Presentation (logistics)


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Presentation (logistics)

  1. 1. To identify the activities of materialsmanagement.To identify the role of materialsmanagement.To identify and describe the scope andobjectives of material management.
  2. 2. Managing Materials Flow(MMF) is an integral part of the logistics management process, which encompasses the administration of raw materials, subassemblies, manufactured parts, packing materials, and in-process inventory. In a formal sense, implementation of a materials management organization will have "a single manager responsible for the planning, organizing, motivating, and controlling of all those activities and principally concerned with the flow of materials into an organization.“
  3. 3. Materials management -is critical to the total logistics process. Although materials management does not directly interface with the final customer, decisions made in its portion of the logistics process will directly affect the level of customer service offered. The ability of the firm to compete with other companies, and the level of sales and profits the firm is able to achieve in the marketplace.
  4. 4. Role of Materials Management *as an organizationshave developed and matured, the role of materials management has expanded to meet the challenges of market-driven, rather than production-driven economies.
  5. 5. Materials Management: Old and New Thinking Old thinking New thinkingMarket -seller’s market; low competition; restricted  buyer’s market; keen competition; global export orientedProducts - small assortment; long life cycle; low technology  wide assortment; short life cycle; high technologyProduction -full capacity load; low flexibility; large lot sizes; long lead times; low costs; make instead of buy  full capacity load; high flexibility; low lot sizes; short lead times; low costs; buy instead of makeService level -high service level; high inventories; slow logistics process; slow transport time  high service level; low inventories; quickInformation technology - manual data processing; paper logistics process, quick transport time administrator  electronic data processing; paperless factoryEnterprise strategy -production oriented  market oriented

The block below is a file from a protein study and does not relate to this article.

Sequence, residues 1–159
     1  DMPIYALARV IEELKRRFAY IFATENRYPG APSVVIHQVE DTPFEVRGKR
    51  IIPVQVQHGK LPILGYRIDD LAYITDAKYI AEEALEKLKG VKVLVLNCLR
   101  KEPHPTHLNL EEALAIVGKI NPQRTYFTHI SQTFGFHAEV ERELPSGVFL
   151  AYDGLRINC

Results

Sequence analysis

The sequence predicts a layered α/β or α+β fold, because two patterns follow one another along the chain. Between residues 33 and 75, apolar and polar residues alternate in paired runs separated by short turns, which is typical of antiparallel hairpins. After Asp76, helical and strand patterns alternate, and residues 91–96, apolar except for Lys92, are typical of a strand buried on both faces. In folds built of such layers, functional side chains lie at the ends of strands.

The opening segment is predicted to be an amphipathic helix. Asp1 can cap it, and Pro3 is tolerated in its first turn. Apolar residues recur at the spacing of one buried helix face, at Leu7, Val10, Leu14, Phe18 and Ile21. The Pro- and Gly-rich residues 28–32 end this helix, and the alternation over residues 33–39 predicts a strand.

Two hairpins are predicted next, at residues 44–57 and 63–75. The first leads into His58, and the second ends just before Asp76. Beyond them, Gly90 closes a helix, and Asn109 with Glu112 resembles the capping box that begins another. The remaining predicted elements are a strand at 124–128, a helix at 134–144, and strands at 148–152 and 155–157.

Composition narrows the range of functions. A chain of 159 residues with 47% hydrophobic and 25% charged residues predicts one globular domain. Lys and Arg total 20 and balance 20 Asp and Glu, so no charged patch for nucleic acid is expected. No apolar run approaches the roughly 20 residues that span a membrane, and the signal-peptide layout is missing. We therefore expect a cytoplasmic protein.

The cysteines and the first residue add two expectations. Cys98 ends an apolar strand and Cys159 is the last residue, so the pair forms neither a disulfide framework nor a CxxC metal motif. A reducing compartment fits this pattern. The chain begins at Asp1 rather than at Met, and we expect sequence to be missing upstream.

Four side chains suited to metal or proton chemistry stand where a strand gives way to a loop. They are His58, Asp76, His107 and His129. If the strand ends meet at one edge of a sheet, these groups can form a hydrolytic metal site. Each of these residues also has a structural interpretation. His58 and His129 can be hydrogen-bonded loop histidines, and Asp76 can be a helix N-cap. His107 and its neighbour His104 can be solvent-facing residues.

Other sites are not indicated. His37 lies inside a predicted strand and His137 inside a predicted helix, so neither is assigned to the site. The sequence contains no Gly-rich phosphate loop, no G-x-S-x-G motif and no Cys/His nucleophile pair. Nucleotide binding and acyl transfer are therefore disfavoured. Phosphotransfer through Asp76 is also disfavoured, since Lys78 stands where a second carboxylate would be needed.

6. 6. SCOPE OF MATERIALSMANAGEMENTMaterials management is typically comprised of four basicactivities: 1. Anticipating materials requirements. 2. Sourcing and obtaining materials. 3. Introducing materials into the organization. 4. Monitoring the status of materials as a current asset.Functions performed by materials managers include purchasing,inventory control of raw materials and finished goods, receiving,warehousing, production scheduling, and transportation. Thedefinition of materials management views the activity as anorganizational system with the various functions as interrelated,interactive, subsystems.
  7. 7.  The objectives of materials management are to solve materials problems from a total company viewpoint [optimize] by coordinating performance of the various materials functions, providing a communications net work, and controlling materials flow.
  8. 8.  Materials management encompasses a variety of logistics activities. The primary differences between the process of materials management and that of finished goods distribution are that the items handled in materials management are incoming finished goods, raw materials, component parts, and subassemblies to be further processed or sorted before being received by the final customer. The recipient of the materials management effort is the production or manufacturing group and oilier internal customers, not the final customer.
  9. 9.  Integral aspects of materials management include purchasing and procurement, production control, inbound traffic and transportation, warehousing and storage, management information system (MIS) control, inventory planning and control, and salvage and scrap disposal.
  10. 10. OBJECTIVES OF MATERIALSMANAGEMENT: Low costs- to optimize materials costs, capital costs and overhead expenses. High level of service- to optimize response toward production and markets. Quality assurance- to maintain and improve the quality of material. Low level of tied-up capital- to optimize capital tied- up in inventories. Support of other functions- to support sales and design/ development.
  11. 11. Total Quality management (TQM) A philosophy and a set of guiding principles that represent the foundation of a continuously improving organization.-the application of quantitative and human resources to improve the material services supplied to an organization, all the process within the organization, and the degree to which the needs of the customers are met- now and in the future.
  12. 12.  TQM integrates fundamental techniques, existing improvement efforts, and technical tools under a disciplined approach focused on continuous improvement.
  13. 13. Additional information relatedto managing materials